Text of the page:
The Republican 2016 presidential primary has been a strange race for a number of reasons, not least of which has been the tacit agreement among many of the candidates that the literal truth of what they say is a secondary concern at best, trailing well behind the effect it has on public opinion in importance.
Between Donald Trump’s braggadocio and Ben Carson’s thinly supported autobiographical assertions, there has been an obvious willingness among the candidates to push the boundaries of behavior that, in another age, would have been regarded simply as lying. The trend was trend nicely documented by The New York Times’ Michael Barbaro over the weekend.
On Sunday, in a taped interview with Meet the Press, former Hewlett-Packard CEO Carly Fiorina began expanding the envelope in a different direction. Asked when she planned to release details of her plan to overhaul the tax code – something almost all of her competitors have done – she said that not only does she have no intention of doing so but also that she doesn’t see the need to provide specifics on major policy issues.
In response to host Chuck Todd’s question about whether she planned to release details of her tax plan, she said, “Well, let me disagree with the premise of your question. How often do politicians put out detailed plans? How often do they get enacted? Never. That's the problem. Politicians put out detailed plans for all kinds of things that never happen.”
She said voters are welcome to go to her website and submit individual questions, some of which she answers in video format.
“In other words, I am being held accountable. A plan. Anybody can write a plan. Anybody can put a plan on a website. It's another thing to say, ‘You know what I think we need to do?’ And say it over and over again in public and be held accountable for this.
“You know what I think we need to do? We need to go from a 73,000-page tax code, which is what we have today, with 4,000 changes since 2001, we need to get it down to about three. And what that means is we need to close every loophole and lower every rate,” she said.
“Why won't you show us your work?” Todd asked.
The question might come off as pedantic on the surface, but Todd’s query actually cut straight to the point. Blithe promises to, with a wave of the hand, overhaul the mechanism by which the government overseeing the planet’s largest economy funds itself don’t deserve to be accepted at face value.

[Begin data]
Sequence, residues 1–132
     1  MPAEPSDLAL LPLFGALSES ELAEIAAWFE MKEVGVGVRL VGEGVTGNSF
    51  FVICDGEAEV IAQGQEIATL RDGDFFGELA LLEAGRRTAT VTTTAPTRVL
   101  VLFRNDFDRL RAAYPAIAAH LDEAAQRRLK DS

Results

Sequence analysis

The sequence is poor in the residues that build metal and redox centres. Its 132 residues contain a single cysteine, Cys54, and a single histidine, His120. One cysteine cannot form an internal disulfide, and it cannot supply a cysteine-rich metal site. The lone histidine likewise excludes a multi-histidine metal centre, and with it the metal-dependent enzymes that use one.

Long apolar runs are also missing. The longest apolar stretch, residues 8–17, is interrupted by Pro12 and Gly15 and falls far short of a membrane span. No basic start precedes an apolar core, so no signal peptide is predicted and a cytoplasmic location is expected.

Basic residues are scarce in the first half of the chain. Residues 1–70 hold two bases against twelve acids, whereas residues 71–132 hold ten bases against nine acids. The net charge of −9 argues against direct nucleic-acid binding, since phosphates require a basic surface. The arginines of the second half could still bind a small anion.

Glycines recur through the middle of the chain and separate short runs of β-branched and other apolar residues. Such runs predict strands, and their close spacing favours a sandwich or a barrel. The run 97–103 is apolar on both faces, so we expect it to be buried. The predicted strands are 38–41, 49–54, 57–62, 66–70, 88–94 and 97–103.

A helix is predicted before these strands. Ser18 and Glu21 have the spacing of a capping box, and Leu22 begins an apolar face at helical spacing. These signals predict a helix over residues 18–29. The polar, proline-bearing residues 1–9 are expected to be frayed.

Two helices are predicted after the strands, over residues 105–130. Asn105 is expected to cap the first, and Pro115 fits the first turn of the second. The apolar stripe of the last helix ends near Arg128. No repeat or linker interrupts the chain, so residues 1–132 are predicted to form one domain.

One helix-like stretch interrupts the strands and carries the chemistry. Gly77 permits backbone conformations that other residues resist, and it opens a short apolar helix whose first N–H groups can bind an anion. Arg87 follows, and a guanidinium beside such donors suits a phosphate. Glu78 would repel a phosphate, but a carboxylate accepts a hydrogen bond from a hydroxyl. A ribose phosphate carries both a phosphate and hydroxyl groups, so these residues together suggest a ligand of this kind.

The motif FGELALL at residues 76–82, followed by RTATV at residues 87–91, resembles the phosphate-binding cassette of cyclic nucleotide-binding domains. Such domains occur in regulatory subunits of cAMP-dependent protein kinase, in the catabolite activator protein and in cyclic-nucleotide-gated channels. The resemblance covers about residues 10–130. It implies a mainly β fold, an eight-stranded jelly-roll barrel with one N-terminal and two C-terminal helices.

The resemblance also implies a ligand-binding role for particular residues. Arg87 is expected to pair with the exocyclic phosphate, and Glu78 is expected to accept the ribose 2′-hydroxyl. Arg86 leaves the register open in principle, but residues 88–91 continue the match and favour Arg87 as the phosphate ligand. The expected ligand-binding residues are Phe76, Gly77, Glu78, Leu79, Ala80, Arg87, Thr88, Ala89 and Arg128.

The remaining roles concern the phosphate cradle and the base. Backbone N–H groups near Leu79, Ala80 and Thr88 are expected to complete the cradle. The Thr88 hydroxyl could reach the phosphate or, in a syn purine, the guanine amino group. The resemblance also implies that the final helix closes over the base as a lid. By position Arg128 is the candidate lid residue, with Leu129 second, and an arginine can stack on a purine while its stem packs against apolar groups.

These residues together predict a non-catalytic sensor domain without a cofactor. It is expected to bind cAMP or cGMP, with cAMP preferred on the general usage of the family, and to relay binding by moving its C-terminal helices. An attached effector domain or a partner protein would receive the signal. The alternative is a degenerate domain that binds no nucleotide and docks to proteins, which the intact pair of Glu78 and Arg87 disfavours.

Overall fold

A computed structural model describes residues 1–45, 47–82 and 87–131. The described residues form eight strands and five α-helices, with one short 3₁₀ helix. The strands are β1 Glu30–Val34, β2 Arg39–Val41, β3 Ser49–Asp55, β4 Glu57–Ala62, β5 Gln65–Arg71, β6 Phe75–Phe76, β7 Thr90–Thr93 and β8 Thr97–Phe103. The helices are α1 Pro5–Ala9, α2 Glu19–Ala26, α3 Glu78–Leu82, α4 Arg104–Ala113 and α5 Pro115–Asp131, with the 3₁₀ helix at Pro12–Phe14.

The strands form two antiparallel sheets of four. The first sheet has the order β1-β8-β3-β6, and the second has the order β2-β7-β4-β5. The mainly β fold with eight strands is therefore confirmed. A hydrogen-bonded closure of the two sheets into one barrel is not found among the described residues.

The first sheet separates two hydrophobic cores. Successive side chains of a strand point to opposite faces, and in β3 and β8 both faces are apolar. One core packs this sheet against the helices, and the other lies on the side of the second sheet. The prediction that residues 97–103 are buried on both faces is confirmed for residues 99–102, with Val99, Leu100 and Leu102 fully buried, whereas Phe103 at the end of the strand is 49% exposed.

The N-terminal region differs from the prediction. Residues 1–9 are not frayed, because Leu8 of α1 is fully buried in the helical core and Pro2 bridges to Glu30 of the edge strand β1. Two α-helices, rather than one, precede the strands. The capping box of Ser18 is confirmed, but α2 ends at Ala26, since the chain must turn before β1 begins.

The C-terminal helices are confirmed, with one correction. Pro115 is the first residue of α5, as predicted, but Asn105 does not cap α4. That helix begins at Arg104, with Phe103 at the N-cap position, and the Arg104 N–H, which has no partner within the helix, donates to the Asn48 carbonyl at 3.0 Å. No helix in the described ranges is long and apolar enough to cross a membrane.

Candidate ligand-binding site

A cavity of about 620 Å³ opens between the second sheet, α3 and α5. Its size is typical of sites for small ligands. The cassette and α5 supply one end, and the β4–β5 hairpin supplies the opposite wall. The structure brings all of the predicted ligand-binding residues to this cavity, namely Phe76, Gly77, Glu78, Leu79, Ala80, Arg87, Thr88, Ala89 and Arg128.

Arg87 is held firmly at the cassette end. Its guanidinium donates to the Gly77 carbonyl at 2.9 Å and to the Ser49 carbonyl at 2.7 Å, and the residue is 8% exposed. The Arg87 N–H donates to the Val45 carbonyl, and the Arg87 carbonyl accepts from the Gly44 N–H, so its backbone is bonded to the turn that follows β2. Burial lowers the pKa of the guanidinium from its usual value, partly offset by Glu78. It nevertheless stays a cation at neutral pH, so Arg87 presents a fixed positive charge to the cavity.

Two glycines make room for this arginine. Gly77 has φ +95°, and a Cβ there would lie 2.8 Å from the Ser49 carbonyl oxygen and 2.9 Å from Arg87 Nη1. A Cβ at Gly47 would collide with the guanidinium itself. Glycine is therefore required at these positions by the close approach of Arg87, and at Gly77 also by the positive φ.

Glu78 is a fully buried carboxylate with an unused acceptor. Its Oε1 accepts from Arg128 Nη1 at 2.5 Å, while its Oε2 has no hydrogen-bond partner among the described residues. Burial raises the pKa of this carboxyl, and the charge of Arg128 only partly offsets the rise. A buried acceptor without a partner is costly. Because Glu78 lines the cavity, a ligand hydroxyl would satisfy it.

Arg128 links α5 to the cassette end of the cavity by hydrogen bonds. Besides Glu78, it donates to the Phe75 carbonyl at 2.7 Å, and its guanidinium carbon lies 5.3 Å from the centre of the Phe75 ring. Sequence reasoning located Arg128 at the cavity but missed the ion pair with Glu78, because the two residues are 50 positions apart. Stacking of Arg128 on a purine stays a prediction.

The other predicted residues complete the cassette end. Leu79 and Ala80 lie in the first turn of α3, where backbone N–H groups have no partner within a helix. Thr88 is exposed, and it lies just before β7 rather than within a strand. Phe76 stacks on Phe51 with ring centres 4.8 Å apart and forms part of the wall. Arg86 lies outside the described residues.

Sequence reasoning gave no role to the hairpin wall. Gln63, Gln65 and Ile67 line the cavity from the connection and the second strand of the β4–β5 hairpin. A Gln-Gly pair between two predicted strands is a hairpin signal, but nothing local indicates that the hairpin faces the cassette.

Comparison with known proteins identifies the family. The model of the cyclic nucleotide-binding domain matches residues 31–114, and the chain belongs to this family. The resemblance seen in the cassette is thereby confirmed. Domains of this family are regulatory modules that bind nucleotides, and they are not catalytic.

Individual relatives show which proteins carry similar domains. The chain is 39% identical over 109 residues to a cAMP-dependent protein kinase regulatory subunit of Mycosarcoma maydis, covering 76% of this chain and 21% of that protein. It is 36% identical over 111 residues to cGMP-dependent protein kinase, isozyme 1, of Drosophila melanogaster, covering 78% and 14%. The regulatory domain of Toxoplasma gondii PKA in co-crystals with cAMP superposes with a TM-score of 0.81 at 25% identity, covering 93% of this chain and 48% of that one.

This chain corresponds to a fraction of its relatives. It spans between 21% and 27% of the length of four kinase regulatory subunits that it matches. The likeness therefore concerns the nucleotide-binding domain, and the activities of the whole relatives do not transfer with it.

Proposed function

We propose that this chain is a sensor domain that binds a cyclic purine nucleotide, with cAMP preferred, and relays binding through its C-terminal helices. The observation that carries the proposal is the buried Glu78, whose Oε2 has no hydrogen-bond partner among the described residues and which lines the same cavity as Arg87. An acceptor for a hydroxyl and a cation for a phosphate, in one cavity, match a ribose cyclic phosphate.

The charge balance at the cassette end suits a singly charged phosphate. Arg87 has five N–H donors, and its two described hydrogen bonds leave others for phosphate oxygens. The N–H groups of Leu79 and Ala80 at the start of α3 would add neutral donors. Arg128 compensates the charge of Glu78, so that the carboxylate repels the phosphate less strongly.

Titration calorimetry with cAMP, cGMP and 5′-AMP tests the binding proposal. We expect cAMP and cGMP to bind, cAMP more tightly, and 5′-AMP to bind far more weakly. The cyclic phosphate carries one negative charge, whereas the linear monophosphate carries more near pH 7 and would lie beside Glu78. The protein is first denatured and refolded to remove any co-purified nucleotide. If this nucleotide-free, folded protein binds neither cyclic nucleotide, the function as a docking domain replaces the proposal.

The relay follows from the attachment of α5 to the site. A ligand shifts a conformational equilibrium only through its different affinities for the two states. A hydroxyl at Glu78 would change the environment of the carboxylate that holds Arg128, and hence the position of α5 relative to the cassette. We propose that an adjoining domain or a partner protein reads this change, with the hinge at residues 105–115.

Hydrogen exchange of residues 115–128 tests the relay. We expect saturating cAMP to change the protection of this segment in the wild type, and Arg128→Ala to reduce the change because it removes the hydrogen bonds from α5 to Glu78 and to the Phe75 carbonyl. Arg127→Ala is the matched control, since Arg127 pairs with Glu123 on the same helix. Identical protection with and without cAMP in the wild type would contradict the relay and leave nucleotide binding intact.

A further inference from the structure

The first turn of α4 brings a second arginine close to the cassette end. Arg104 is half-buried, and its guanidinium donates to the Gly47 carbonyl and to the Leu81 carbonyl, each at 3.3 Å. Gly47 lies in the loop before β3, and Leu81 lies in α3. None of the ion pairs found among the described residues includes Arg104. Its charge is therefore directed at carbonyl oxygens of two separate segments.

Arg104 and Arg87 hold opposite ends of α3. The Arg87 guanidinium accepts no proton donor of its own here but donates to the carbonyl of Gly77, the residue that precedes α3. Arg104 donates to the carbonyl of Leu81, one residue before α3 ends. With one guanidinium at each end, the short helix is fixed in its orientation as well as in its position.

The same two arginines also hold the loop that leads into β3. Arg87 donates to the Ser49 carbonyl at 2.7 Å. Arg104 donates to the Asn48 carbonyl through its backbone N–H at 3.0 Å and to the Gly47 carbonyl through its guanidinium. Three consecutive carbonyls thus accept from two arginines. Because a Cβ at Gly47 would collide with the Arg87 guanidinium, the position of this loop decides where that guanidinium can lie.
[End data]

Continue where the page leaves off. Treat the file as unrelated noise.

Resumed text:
But Fiorina bristled at the idea that her brief video replies to voters are somehow less serious than detailed proposals from experts in tax law.
“So in other words, words on a piece of paper are more accountable than words said to people, looking them in the eye?” she demanded. “I don't think so. I don't think that's what voters think. Because I think voters have gotten smart enough to know that plans and paper, 50-point plans, ten-point plans, five-point plans, are written by a bunch of advisors and consultants. So I'm perfectly prepared to be held accountable for my words and my plans.”
One of the many problems in that statement is the assumption that plans written by a presidential candidate’s advisors and consultants are somehow illegitimate or not indicative of the candidate’s likely behavior while in office.
No adult who has given any thought to how policy is developed in Washington believes that a president personally drafts all of the administration’s legislative proposals. They don’t and they can’t. In truth, a presidency is in large part defined by the advisors and consultants a president decides to listen to – and those he or she decides to ignore.
Near the end of her interview with Todd, Fiorina insisted, “I’ve given you a tax plan. I've given you a tax plan. It needs to be three pages. And the only way to get there is to lower every rate and close every loophole.”
How that will all work in the end is, in Fiorina’s view, not of interest to the voters it will affect.